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An "Eiffel" of Architecture
Architecture since the Industrial Revolution
The Industrial Revolution • Industrial Revolution, widespread replacement of manual labor by machines that began in Britain in the 18th century and is still continuing in some parts of the world. The Industrial Revolution was the result of many fundamental, interrelated changes that transformed agricultural economies into industrial ones. The most immediate changes were in the nature of production: what was produced, as well as where and how. Goods that had traditionally been made in the home or in small workshops began to be manufactured in the factory. Productivity and technical efficiency grew dramatically, in part through the systematic application of scientific and practical knowledge to the manufacturing process. Efficiency was also enhanced when large groups of business enterprises were located within a limited area. The Industrial Revolution led to the growth of cities as people moved from rural areas into urban communities in search of work.
1. How do you think the Industrial Revolution changed the way Architecture looked? (form) 2. How do you think the purposes for Architecture changed? (function)
The Eiffel Tower Paris, France • Eiffel Tower, wrought-iron tower in Paris, a landmark and an early example of wrought-iron construction on a gigantic scale. It was designed and built by the French civil engineer Gustave Alexandre Eiffel for the Paris World's Fair of 1889.
His famous axiom, "Form follows function," became the touchstone for many in his profession. The Wainwright Building • Sullivan, Louis Henri (1856-1924), American architect, whose brilliant early designs for steel-frame skyscraper construction led to the emergence of the skyscraper as the distinctive American building type. Through his own work, especially his commercial structures, and as the founder of what is now known as the Chicago School of architects, he exerted an enormous influence on 20th-century American architecture. His most famous pupil was the architect Frank Lloyd Wright, who acknowledged Sullivan as his master. The Wainwright Building stands 10 stories high, has a metal frame and was completed in 1891 in St. Louis, Missouri.
The Bauhaus School Dessau, Germany • The ideas of the German Bauhaus school of architecture and applied arts have greatly influenced the development of architecture and design in the 20th century. Founder Walter Gropius designed the unadorned, functional buildings for its quarters in Dessau in 1925. • The Bauhaus was a school of design founded in Germany by architect Walter Gropius in 1919. Many outstanding artists and architects served on its faculty. In 1933 the school was shut down by Germany's Nazi government, and many of its faculty members, including Gropius, immigrated to the United States.
The Chrysler Building New York City • The Chrysler Building (1930) in New York City is considered the quintessential example of art deco architecture. It was designed by William Van Alen, who was inspired in part by cubist art and machine forms. The building, which rises in a series of narrowing arches to the stainless steel spire on top, is 255 m (850 ft) tall. It was the tallest building in the world for one year, before the Empire State Building surpassed it.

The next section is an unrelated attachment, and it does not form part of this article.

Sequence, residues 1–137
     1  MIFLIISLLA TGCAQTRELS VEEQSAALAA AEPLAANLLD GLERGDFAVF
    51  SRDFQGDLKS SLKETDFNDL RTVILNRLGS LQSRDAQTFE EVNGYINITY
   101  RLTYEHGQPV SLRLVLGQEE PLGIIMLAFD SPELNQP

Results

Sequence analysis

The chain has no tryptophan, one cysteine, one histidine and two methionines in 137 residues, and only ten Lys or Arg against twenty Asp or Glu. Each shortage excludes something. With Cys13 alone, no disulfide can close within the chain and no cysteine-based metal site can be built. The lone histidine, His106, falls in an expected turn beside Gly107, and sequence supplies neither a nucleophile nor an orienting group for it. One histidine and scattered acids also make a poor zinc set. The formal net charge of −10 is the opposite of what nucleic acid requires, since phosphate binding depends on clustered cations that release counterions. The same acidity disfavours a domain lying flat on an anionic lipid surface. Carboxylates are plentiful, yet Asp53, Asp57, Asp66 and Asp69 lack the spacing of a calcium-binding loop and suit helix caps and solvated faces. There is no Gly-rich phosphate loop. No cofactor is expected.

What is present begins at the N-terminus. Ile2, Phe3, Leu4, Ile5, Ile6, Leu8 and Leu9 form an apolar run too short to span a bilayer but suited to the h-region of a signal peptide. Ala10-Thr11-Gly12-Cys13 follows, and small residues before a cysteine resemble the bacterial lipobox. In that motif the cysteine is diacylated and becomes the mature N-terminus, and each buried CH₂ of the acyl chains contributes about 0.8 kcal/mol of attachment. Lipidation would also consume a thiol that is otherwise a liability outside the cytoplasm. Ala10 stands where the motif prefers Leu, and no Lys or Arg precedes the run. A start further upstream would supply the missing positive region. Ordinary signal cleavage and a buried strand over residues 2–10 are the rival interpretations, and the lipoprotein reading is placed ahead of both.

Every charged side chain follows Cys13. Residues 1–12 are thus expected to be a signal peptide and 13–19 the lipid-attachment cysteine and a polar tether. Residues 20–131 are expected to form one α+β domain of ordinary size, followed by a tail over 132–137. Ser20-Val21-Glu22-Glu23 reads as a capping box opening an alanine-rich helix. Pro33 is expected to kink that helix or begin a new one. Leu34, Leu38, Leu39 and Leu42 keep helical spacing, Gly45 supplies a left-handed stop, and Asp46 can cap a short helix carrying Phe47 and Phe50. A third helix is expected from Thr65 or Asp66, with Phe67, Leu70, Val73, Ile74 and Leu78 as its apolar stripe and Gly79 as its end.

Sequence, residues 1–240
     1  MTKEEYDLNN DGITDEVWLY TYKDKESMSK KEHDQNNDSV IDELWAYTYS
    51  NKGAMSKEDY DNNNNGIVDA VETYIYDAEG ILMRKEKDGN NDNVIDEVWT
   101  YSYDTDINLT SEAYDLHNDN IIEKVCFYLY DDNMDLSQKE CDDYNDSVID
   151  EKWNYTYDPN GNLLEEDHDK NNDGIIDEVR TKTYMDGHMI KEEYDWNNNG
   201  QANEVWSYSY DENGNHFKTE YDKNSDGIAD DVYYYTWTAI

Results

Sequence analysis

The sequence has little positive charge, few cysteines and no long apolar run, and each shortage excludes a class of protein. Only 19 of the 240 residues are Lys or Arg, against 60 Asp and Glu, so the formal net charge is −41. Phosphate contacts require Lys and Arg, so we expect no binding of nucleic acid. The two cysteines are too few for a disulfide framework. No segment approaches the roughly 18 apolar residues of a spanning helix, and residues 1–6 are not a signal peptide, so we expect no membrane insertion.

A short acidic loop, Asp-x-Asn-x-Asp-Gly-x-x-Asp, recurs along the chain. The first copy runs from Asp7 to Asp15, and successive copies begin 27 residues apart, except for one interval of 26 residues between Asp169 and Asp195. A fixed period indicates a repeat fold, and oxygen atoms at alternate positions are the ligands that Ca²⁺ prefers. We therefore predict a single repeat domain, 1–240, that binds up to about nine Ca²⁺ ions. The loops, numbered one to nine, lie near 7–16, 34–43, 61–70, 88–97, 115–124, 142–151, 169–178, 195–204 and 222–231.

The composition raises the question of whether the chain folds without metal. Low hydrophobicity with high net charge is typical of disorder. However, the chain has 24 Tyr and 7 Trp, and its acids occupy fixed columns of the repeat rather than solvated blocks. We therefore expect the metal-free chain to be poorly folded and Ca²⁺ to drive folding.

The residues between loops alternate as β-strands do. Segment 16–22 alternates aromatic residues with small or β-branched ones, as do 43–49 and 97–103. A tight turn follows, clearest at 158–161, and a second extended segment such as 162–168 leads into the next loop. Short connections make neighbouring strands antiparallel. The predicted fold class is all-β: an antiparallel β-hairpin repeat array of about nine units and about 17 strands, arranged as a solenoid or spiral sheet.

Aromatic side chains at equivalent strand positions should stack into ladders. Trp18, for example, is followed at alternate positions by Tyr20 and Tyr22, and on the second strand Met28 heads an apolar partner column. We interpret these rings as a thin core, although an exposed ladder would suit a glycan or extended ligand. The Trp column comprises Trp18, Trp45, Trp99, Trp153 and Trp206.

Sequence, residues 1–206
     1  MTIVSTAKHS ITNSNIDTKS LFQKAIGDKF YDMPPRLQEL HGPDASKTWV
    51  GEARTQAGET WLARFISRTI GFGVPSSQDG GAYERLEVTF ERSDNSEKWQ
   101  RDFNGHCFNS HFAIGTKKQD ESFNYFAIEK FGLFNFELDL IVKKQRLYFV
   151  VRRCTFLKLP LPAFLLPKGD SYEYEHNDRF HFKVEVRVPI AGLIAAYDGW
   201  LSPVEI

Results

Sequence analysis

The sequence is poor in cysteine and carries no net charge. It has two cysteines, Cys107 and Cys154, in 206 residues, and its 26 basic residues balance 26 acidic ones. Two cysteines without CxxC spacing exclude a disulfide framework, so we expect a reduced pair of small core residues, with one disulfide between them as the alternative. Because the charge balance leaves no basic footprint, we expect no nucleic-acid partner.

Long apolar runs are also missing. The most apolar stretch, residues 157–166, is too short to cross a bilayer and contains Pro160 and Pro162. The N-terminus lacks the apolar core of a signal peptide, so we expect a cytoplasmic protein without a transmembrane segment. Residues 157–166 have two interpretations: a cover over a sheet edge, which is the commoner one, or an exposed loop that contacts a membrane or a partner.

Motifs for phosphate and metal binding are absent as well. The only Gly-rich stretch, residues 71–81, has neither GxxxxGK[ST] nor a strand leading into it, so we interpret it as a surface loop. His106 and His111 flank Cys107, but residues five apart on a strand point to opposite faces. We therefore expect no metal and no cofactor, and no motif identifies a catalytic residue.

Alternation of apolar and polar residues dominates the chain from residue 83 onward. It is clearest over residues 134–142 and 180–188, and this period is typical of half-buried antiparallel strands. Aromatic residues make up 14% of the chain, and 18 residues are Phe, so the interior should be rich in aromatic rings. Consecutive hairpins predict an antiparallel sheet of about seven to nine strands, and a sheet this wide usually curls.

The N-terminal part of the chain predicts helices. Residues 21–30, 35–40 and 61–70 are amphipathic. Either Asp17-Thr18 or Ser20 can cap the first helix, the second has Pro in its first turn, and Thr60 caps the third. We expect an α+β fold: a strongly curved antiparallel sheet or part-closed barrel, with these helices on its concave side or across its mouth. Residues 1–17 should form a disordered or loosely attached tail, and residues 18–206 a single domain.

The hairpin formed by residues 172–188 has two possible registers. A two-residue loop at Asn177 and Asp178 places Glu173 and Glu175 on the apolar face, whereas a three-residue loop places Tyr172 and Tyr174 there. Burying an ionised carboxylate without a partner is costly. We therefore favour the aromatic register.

The Empire State Building New York City • Built in 1931, the Empire State Building in New York City, New York, stands 381 m (1250 ft) high. The construction of the world’s tallest skyscraper was planned by American politician Alfred Smith. Although no longer the world’s tallest building, it remains a popular tourist destination.
Villa savoye Le corbusier 1929-1930 One of the most famous houses of the modern movement in architecture, the Villa Savoye is a masterpiece of LeCorbusier's purist design. It is perhaps the best example of LeCorbusier's goal to create a house which would be a "machine a habiter," a machine for living (in). Located in a suburb near Paris, the house is as beautiful and functional as a machine.
Fallingwater Frank lloyd wright • Located in Bear Run, Pennsylvania, the house known as Fallingwater was designed by American architect Frank Lloyd Wright in 1937 for the Kaufmann family. This picture shows the section of the house that extends over a natural waterfall, an example of Wright’s belief that a building’s form should be determined by its environment.
Notre dame du haut Ronchamp, France Le Corbusier, 1956
The Guggenheim museum New York city Frank Lloyd Wright 1959 Here, Wright took abstract form and modern technology to their contemporary limits, using reinforced concrete to create a soaring spiral that swelled as it rose, creating a building that was as much sculpture as it was architecture.
The Seagram Building • German American architect Ludwig Mies van der Rohe was one of the leading architects of the 20th century. His sleek, unornamented glass-and-steel skyscrapers were especially influential. The 37-story bronze-and-glass Seagram Building (1958) in New York City, shown here, displays the simplicity and elegance that are characteristic of his style. The building was designed in collaboration with architect Philip Johnson. New York City
The at&t building Philip Johnson • American architect Philip Johnson strongly influenced the rise of the postmodern style of architecture. His design for the AT&T Building(now the Sony Building), constructed in New York City in 1984, had a particularly strong impact. The building’s architectural devices, such as the use of allusion in its Renaissance detail and Chippendale-style pediment, make it a symbol of postmodern architecture.
The twentieth century urban landscape Shaped by architecture Tokyo Chicago
An “Eiffel” of Architecture Core Knowledge 8th Grade Many photos and text from Encarta 99 Produced by Julie Sanford Eagle Crest Academy Holland, MI firstname.lastname@example.org email@example.com